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Kugan Meiyalagan v Metropolitan Toronto Condominium Corporation No. 996 - 2019 ONCAT 49 - 2019-12-18






In the case of Kugan Meiyalagan v. Metropolitan Toronto Condominium Corporation No. 996, a Consent Order was issued on December 18, 2019. The dispute involved access to records, adequacy of records, entitlement to records, and fees and costs. The Applicant and Respondent settled the matter during Stage 2 Mediation. As part of the agreement, the Respondent provided the Applicant with the complete Owner's list, supporting affidavits from members of the Board of Directors, and reimbursed the Applicant's CAO Application fees, totaling $75. The Applicant confirmed receiving the documentation and funds and agreed to withdraw the Application. The Parties consented to closing the case, with no further actions required, and the Tribunal ordered the closure of the file.


CAT Decisions - Consent Order
Access to Records
Adequacy of Records
Entitlement to Records
Fees, Costs, Penalties


The case, Kugan Meiyalagan v. Metropolitan Toronto Condominium Corporation No. 996, underscores the importance of alternative dispute resolution mechanisms such as mediation in resolving disputes effectively. Parties reached a Consent Order during Stage 2 Mediation, highlighting the potential for mutually agreeable solutions in condominium-related matters. This case demonstrates the value of settling disputes efficiently and avoiding protracted legal proceedings.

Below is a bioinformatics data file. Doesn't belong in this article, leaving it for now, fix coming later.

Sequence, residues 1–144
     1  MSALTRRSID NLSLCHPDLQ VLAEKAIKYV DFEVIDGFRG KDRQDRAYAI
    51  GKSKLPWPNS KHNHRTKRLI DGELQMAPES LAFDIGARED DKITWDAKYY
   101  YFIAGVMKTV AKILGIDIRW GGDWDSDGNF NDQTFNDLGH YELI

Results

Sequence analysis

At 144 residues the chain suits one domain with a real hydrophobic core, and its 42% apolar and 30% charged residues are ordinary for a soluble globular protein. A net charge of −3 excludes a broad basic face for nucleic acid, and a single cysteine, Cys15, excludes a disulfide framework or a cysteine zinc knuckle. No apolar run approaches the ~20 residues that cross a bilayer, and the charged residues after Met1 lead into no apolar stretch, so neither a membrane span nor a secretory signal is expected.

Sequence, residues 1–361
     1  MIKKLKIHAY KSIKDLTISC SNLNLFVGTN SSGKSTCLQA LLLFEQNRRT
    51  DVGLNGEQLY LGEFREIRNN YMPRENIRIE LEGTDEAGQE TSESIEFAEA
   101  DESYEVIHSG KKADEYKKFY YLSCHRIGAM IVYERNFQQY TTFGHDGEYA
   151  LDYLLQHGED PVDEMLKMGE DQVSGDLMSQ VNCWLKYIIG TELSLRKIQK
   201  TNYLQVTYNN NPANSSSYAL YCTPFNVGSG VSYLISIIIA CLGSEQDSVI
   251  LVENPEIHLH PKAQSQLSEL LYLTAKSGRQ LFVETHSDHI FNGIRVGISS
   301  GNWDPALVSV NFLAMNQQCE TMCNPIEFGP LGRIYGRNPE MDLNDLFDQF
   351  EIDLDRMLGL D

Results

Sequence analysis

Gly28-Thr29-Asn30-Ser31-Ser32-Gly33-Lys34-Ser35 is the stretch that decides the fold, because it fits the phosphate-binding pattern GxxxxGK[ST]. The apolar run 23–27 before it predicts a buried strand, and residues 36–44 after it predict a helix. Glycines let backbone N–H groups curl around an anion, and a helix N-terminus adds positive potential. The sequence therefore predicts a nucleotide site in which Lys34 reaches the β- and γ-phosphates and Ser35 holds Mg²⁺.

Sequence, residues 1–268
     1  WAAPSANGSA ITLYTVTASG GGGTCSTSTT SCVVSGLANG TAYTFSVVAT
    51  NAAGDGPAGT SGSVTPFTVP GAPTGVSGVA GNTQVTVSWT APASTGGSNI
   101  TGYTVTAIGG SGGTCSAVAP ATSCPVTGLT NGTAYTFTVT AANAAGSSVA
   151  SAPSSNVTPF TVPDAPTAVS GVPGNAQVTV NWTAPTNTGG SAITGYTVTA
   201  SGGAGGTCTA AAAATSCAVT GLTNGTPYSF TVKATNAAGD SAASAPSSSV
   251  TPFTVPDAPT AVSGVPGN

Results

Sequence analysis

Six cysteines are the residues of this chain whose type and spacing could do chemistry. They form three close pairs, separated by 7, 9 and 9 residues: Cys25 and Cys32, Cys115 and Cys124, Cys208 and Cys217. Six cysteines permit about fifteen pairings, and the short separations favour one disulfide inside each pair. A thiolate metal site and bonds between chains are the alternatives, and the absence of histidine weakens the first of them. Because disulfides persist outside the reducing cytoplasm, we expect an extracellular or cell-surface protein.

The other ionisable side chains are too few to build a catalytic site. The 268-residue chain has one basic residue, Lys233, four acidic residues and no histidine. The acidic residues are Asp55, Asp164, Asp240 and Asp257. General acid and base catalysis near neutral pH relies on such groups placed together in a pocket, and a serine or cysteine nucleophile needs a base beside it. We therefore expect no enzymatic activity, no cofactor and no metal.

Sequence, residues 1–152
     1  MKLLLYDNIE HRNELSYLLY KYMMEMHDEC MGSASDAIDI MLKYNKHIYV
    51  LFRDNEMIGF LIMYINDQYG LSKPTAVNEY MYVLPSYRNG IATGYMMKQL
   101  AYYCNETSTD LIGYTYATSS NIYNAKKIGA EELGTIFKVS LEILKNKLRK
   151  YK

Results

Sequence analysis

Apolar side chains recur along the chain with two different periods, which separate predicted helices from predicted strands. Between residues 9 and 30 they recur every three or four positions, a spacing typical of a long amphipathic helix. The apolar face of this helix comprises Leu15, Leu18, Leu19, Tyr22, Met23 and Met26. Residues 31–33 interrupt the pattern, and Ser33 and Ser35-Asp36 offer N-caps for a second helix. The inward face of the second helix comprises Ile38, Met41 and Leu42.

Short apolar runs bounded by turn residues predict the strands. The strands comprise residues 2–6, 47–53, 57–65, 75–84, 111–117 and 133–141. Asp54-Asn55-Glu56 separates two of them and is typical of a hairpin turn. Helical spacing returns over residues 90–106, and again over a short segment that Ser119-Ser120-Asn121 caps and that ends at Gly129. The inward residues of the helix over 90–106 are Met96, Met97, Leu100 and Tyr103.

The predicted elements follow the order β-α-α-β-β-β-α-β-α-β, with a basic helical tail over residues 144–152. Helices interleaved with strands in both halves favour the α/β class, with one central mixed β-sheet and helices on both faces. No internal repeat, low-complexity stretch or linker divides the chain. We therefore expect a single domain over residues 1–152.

Settlement in Mediation: The dispute between and Metropolitan Toronto Condominium Corporation No. 996 (MTCC-996), the Respondent, was successfully settled during Stage 2 Mediation, demonstrating the effectiveness of alternative dispute resolution mechanisms.

Documentation Provided: As part of the settlement, the Respondent agreed to provide the Applicant with several documents, including the complete Owner's list, along with affidavits from members of the Board of Directors to support the accuracy of this information.

Reimbursement of Application Fees: In addition to the documentation, the Respondent reimbursed the Applicant's Condominium Authority Tribunal (CAO) Application fees, totaling $75, which could serve as an incentive for parties to reach amicable resolutions.

Application Withdrawal: The Applicant agreed to withdraw their Application in exchange for receiving the stipulated documentation and fees, signaling the resolution of the matter to the satisfaction of both parties.

File Closure: The Consent Order led to the closure of the case, with the Tribunal affirming that it had been fully resolved during Stage 2 Mediation and could not be reopened, emphasizing the finality of the settlement.


Explore Mediation: Parties involved in condominium-related disputes should consider alternative dispute resolution methods such as mediation. This case illustrates that mediation can lead to mutually acceptable solutions, saving time and resources compared to prolonged legal proceedings.

Prioritize Communication: Effective communication between condominium owners and their corporations is essential. Transparency in providing requested documentation and records can prevent disputes from escalating to formal legal proceedings.

Compliance with Legal Requirements: Condominium corporations must adhere to legal obligations, such as providing access to records as required by the Condominium Act. Compliance can prevent unnecessary penalties and costs incurred due to refusal or delay in providing records.

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